Policy Study

Delivering Services for the Mentally Ill and Developmentally Disabled

A Consumer Choice Model

Executive Summary

With the shift to community programs and the integration of many disabled citizens into the community, vast changes have occurred in the way non-disabled citizens view the disabled and in the way in which services are provided and managed. Increasingly, services for the mentally ill and developmentally disabled are being provided with a focus on self-sufficiency, empowerment and readiness skills. Consumer choice and active participation in service planning are seen as important elements of quality and effectiveness.

Vouchers and other forms of consumer directed purchasing provide a mechanism for states and local governments to provide services in a manner that enhances consumer choice and improves the purchasing relationship between government, providers and consumers. Consumer directed purchasing has advantages over traditional state contracts with providers by focusing more on the needs of the consumer, improving monitoring by families, and enhancing competition among providers.

There are four different models of consumer directed purchasing currently in use, including: vouchers, individualized contracts or funding, direct cash disbursement programs and reimbursement programs. Each has different implications for choice and control over spending for the government agency to consider. These models were reviewed in nine states and one province in departments serving individuals with mental illness and developmental disabilities. In general, the programs reviewed were limited in scope and yet virtually all of the state and local administrators sought to expand and improve upon their systems.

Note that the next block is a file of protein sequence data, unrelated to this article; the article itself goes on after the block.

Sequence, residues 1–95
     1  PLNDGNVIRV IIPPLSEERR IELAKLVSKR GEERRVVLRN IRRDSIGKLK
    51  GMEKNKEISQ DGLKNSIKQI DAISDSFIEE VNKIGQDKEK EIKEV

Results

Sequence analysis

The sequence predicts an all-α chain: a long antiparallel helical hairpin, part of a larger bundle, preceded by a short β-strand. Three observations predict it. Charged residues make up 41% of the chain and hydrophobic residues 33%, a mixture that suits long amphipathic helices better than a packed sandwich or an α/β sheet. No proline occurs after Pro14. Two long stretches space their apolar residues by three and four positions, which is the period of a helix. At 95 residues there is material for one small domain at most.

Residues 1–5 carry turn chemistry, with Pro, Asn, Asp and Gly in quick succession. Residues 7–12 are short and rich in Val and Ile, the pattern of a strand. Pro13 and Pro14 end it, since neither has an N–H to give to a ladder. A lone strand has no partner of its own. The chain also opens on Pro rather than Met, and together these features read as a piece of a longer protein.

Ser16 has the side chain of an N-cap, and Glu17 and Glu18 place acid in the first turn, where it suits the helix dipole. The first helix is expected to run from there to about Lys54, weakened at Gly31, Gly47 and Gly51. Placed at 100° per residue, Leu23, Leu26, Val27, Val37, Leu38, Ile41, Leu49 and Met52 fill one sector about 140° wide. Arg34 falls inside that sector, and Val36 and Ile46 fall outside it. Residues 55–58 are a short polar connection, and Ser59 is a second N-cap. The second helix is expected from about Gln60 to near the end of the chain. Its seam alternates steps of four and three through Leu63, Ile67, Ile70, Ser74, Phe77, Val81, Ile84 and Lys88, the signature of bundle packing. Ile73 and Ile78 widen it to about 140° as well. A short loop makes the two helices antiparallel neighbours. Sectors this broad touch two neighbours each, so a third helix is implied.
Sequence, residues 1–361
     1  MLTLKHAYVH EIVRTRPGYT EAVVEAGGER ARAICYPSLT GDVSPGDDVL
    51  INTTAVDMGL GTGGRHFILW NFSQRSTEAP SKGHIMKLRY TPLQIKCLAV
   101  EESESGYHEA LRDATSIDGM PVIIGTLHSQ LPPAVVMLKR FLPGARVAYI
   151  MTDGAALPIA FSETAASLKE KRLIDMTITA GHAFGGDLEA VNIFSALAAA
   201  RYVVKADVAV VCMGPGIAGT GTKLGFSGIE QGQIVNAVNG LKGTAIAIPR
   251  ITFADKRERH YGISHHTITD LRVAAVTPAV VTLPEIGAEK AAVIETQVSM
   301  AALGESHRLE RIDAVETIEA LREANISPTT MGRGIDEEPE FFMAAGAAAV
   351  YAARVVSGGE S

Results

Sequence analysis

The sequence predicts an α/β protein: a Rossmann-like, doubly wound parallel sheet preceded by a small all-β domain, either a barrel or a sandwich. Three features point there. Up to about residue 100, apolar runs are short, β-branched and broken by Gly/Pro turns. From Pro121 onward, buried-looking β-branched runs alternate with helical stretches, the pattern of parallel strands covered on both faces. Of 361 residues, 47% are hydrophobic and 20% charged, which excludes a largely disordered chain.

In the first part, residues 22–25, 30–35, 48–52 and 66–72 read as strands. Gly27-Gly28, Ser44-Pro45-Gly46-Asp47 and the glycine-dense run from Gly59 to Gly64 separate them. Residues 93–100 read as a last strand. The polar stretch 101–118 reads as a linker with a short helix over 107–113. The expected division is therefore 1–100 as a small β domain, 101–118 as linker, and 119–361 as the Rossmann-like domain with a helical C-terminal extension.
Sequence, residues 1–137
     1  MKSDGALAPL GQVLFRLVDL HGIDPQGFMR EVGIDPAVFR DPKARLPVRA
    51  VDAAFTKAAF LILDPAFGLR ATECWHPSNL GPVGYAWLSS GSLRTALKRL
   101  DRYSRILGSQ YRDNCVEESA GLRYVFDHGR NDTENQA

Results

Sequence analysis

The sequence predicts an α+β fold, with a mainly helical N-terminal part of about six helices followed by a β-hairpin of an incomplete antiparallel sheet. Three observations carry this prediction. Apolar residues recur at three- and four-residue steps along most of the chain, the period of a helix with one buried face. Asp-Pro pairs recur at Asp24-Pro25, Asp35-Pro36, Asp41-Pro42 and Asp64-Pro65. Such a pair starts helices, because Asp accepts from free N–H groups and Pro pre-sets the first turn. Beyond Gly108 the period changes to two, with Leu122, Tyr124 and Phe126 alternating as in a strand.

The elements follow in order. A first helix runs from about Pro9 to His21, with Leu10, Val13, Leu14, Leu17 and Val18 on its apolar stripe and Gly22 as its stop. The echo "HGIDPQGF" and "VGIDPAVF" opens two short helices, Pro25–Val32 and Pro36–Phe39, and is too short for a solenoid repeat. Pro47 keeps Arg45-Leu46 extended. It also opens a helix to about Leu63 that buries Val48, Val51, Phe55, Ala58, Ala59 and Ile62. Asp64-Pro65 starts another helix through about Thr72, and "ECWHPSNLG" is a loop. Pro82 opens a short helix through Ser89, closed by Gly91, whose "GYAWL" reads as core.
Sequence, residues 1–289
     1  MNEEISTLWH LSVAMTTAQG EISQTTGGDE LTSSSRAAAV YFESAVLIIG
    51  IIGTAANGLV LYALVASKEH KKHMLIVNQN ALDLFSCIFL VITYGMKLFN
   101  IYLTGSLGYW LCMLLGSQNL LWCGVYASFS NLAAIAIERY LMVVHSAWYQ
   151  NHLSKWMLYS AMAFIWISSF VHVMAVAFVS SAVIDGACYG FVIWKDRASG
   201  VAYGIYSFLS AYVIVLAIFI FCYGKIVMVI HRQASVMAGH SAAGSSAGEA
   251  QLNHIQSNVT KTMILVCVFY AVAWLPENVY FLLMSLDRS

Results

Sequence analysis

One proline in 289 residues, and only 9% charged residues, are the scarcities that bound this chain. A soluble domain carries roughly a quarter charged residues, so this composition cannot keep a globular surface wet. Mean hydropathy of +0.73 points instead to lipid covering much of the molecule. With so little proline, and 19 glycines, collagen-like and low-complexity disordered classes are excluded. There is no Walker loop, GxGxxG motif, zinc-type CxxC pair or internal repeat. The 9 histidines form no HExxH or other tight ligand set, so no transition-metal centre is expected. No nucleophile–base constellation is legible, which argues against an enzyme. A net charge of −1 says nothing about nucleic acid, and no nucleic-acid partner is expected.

In considering whether to implement a system of consumer directed purchasing, governments must consider a number of critical issues. These include: consumer and provider eligibility criteria, eligibility and service authorization procedures, reimbursement and financing systems, voucher or fund distribution systems, transition planning, consumer education, monitoring and management information systems. Central to the success of any initiative will be the ability of the state or government agency to fairly direct services and funding to those that are most in need and develop procedures for authorization and funding that are equitable to consumers and providers alike.

In this era of government reform, consumer directed purchasing of services holds forth the promise of empowering consumers, improving service quality, and streamlining government.